After dinner that’s the first place we searched.  You want to be methodical in your search because birds can hide in the pots themselves.  We couldn’t have walked through two rows when Bill V. spotted it.  It flew up to the top pot in the row and posed for us.  Siberian Accentor!  Doug’s most wanted bird for the season!  A handsome bird if ever there was one.

Siberian Accentor in the Crab Pots (Photo by Doug Gochfeld)

Siberian Accentor (Photo by John Vanderpoel)

So there you have it. One hell of a great birding day.  Three lifers for all of us!  For those of you who wanted meat?  Today gave us filet mignon stroganoff,  courtesy of the Russian Storm.

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7 Responses to The Fallout – St. Paul Day 4

  1. fred says:

    This is what birders live for, like Christmas morning. Keep them coming, John.

  2. Morgan Churchill says:

    Cliff hanger! not fair :P

  3. Tom Vanderpoel says:

    Now you’re talking!

  4. Doug Koch says:

    Way to go John! Keep them coming like that and you are going to come out of AK with a shot at the title! You didn’t miss anything in CA…..had another Flesh-foot but no new birds. Hopefully the Condor Express will be better for you! All the luck.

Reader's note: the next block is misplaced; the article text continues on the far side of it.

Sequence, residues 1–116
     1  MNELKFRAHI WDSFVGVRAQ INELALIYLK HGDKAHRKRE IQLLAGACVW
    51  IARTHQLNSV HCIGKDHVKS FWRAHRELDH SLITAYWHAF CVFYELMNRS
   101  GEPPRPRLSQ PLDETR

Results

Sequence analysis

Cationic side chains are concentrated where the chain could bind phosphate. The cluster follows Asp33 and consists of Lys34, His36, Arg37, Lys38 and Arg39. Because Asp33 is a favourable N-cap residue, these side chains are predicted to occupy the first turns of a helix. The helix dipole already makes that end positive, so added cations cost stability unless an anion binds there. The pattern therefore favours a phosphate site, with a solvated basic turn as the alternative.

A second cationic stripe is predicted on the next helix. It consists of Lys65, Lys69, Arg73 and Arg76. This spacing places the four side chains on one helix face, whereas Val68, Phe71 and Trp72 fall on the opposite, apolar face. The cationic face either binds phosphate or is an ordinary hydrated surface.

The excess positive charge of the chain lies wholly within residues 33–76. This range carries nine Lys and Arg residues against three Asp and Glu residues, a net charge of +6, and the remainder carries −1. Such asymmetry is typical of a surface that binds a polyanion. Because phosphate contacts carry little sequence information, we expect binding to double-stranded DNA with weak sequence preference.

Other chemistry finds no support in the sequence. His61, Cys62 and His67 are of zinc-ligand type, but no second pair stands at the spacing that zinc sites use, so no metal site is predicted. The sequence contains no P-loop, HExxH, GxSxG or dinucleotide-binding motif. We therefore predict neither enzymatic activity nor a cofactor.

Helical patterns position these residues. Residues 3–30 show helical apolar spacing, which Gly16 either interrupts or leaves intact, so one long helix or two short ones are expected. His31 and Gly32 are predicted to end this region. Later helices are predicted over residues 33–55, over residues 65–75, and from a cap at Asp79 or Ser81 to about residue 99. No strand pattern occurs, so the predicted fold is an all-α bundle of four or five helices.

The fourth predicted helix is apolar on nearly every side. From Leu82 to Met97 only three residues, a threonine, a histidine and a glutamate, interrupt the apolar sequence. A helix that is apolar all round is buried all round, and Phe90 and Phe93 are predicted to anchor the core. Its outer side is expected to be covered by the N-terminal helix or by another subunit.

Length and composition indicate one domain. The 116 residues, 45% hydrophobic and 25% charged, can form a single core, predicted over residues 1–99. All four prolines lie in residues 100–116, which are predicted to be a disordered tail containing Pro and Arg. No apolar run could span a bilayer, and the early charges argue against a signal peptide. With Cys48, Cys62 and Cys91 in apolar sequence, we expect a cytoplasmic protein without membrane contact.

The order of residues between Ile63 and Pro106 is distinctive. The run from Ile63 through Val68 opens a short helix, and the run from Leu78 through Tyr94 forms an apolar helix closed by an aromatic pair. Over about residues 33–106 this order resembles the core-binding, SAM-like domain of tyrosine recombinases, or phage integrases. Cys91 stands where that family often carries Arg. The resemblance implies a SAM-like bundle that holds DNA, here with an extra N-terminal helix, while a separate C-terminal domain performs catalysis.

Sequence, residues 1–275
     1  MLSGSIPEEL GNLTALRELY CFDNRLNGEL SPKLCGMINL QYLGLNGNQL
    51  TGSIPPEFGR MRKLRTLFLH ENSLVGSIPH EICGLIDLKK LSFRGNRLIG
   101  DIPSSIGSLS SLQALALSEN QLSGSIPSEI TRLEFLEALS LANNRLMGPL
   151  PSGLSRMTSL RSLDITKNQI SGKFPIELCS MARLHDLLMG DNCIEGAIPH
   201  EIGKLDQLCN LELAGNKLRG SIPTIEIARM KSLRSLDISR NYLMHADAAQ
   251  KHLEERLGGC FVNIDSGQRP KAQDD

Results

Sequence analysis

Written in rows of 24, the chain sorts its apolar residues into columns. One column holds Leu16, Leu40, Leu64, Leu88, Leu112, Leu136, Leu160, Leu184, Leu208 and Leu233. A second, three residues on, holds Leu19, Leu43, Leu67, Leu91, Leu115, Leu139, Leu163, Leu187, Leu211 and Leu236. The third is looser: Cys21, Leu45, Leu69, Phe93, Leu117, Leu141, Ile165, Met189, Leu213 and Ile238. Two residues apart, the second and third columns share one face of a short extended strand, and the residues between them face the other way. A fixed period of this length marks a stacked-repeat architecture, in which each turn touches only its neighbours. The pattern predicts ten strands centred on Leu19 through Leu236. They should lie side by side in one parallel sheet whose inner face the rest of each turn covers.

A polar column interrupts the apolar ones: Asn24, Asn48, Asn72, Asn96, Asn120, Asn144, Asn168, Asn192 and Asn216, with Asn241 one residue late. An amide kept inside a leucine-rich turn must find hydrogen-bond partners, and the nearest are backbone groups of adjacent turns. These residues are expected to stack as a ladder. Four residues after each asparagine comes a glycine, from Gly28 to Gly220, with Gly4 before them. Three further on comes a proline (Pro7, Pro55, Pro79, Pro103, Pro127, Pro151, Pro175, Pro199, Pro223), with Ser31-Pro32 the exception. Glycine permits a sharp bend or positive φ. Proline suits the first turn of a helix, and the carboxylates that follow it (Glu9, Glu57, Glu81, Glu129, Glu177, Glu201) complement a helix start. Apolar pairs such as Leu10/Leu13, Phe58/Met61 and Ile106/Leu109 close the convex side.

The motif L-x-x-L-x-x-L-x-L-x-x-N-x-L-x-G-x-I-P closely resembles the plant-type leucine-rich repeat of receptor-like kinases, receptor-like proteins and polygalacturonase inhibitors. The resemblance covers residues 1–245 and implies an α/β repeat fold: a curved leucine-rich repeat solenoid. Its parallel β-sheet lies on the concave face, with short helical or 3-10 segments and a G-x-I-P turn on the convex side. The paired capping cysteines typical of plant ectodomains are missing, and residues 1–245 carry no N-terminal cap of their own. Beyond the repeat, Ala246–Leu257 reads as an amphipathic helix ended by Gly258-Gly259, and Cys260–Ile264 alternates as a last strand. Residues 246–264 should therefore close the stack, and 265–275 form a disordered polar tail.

5. Deanna Campbell says:

    WOW! The perfect storm! Completely Awesome! and complete with amazing food – sometimes I think I should go back just for the eats – could be the best staff cafeteria in the world!
    Here’s to lots more lost birds! Deanna

  6. David White says:

    “Today gave us filet mignon stroganoff”, No,no,no. I’m hearing and seeing filet mignon in truffle glazed shallot sauce, wild Russian rice espaire with rare wild greens, and fresh pippin apple pie with homemade French vanilla ice cream. Three courses, three lifers. Of course the Halibut there really is like the freshest ever! Congradulations and may the wind be with you.

  7. Dominic Funnell says:

    Great pictures but would really check your willow warbler out as given the very short primary projection and legs that appear to be quite dark it might be a chiffchaff ( Phyloloscopus collybita – possibly a tristis type). Could be wrong as second guessing birds from a photo is always difficult but if there are any other shots try posting the to birdforums to get second opinions on it.